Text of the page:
Premiere: Watch Alejandro Peña's Hallucinogenic Queer Short, Pedazos

pedazos

Alejandro Peña's new short film, Pedazos, explores unrequited queer love through the kaleidoscopic lens of a Meso-American spectacle.

The technicolor visual has already played at the New York Experimental Video & Film Festival this past November, as well as at Slamdance, Sundance's cool "alt cousin." This summer, Pedazos is scheduled to play at two major events in Los Angeles: the LGBTQ-centric OutFest, and as a short in the LA Film Festival.

Peña is an up-and-coming queer filmmaker currently based in Boston, creating work that's experimental, colorful and entirely unpredictable—check out +A Future and R / B / G, which was an official Slamdance select in 2014.

Watch the OUT premiere of Pedazos, below, as well as a conversation with Peña about the intention behind his newest work.

OUT: What did you intend to convey through Pedazos? It reads as two gay guys hooking up, before one develops feelings for the other, but they're unrequited.

Peña: That’s basically the plot in a nutshell. But I also wanted to keep it ambiguous. There’s not one narrative arc. I threw in things—metaphors that I thought people could interpret differently. Like the cave, and how you can’t see anyone’s faces besides the two main guys. I had all these abstract ideas that came from just a purely creative standpoint. I didn’t really know what I was trying to say, but was more working from a place of feeling. People generally tend to give similar interpretations to what you said.

Was this inspired by a personal experience? 

The whole situation of loving someone, and having them not be able to reciprocate in public... that’s something I went through in high school. And I’d also never expressed my sexuality in anything I’ve ever made. So I was thinking, "What do I want to express? What do I want to say?" And it was that. In terms of the tribal stuff, that comes from a childhood fascination I’ve always had. I grew up with a lot of Meso-American art around the house. My parents are Mexican. So that was just an aesthetic I’d never expressed in any work, so I thought, "OK, that’s interesting. Let’s work with that."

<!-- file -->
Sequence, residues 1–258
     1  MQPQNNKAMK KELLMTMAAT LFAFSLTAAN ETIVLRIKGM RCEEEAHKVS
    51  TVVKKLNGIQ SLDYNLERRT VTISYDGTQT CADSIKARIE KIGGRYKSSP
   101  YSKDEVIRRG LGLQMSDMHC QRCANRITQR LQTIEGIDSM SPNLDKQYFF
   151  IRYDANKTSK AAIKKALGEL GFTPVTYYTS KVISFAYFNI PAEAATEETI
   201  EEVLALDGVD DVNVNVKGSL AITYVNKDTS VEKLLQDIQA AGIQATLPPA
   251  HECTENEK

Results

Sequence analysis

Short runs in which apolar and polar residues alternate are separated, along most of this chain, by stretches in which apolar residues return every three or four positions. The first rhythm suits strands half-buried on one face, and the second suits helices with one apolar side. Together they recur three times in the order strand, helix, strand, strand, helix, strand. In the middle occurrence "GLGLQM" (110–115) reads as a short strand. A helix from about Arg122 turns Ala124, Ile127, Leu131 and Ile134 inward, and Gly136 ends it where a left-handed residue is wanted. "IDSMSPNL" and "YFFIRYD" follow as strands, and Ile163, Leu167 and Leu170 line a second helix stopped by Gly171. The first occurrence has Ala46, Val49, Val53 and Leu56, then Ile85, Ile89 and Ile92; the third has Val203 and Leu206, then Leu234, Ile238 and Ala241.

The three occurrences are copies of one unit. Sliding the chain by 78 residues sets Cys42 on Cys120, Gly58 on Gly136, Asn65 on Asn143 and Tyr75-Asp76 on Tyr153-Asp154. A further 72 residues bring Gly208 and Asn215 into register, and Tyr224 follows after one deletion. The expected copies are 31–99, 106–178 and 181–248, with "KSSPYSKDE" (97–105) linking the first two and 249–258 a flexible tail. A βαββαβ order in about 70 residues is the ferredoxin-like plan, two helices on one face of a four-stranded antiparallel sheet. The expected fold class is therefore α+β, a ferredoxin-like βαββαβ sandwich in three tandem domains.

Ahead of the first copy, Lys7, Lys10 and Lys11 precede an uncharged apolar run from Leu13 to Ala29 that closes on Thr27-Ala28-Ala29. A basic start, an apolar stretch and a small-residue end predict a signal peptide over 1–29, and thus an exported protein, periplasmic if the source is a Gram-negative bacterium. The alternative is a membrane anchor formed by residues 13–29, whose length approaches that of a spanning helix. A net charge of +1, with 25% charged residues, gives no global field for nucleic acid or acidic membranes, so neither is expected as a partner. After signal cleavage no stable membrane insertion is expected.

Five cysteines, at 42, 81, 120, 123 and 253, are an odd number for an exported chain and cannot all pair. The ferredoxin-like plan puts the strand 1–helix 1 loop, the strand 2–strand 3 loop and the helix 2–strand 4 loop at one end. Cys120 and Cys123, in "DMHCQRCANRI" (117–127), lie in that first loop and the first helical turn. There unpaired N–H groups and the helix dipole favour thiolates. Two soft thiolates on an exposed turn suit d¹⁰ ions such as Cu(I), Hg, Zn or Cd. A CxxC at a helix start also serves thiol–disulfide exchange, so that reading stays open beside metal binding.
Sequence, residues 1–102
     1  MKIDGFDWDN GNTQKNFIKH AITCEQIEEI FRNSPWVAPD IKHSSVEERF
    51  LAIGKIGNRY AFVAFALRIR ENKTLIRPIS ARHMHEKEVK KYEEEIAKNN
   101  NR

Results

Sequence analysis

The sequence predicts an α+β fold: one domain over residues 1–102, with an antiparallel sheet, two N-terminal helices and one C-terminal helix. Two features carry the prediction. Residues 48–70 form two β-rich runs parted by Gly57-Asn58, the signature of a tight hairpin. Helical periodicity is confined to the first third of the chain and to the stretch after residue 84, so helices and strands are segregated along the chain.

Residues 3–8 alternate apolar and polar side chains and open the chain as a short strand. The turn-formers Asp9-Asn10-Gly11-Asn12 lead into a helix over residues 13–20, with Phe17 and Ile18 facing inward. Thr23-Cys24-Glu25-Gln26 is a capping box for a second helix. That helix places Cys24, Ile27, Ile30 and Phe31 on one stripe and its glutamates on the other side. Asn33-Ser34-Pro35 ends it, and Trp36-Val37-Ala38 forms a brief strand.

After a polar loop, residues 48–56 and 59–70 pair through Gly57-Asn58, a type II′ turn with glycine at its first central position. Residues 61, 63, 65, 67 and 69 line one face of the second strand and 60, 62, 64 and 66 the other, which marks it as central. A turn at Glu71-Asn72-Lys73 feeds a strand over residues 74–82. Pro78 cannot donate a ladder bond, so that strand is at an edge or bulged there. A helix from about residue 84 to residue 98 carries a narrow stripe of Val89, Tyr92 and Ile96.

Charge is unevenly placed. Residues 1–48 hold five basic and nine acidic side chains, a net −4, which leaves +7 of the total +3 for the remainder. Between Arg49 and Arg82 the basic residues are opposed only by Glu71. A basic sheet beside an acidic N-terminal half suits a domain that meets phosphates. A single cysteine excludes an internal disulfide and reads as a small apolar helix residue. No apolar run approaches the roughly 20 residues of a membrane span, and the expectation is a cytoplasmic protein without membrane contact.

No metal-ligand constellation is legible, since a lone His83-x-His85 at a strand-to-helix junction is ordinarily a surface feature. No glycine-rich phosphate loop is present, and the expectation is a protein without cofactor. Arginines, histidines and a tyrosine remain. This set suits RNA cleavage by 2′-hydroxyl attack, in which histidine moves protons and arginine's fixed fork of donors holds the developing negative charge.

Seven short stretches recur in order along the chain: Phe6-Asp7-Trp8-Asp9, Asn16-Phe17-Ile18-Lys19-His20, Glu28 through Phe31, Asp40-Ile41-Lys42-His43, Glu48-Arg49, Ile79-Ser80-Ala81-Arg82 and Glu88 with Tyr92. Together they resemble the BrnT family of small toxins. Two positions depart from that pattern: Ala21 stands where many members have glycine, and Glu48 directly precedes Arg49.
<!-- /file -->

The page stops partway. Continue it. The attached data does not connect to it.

What did you find to be significant about the sounds in the film? There's a ringing sound throughout. 

I worked with my friend John [Loxterkamp], who lives in Brooklyn, who’s just a really talented sound artist and composer. The relationship between me and him in this project was really interesting because I would give him just a few sentences of what I was going for, and he’d just do whatever he wanted. There’s no intentional meaning, but I think that with it all put together, you can relate it to something else. After he gave me that ringing sound, and as I put it into the sequence, I began to see it as... every time you have a breakup, or a falling out with a romantic interest, it’s always up to the healing powers of time. But you have to walk around for awhile, maybe months, with this constant reminder of the pain. 

The title Pedazos translates to "pieces." What’s the significance? 

I just needed to name it something, instead of calling it, "My Next Project." But it’s a Spanish word, and I do have roots in Mexican culture. And also, there’s a lot of crowds, and groups, in the whole short film. And the idea of them, even though they’re all wearing masks, moving together as part of this bigger entity, this organism... people are a lot more scary when they’re in groups. And I think an even more terrifying thing is when you can’t see someone’s face. So a group of people where you can’t see their faces is terrifying. 

What other projects are you working on? 

I’m trying to shoot something in LA—I’m still interested in the idea of talking about love. So I have this idea for a stop-motion animation that’s about a Chinese restaurant on the edge of a cliff, called "Mama Loves You." And there’s more, but that’s all I’ve got right now. And it’s in Mandarin.

What are your larger artistic goals as a queer filmmaker? 

I like every short film that I make, and it always takes me years—I want them all to be very different, and it’s because I’m constantly getting bored, and drifting in a new direction. With Pedazos, I’ve realized I can make queer work without producing the same thing over and over again. I think the next thing I make is definitely going to involve queerness, at least partially, but be very different. It’s something I really like to see, and you sometimes don’t get it a lot, watching short films online or at festivals. 

 
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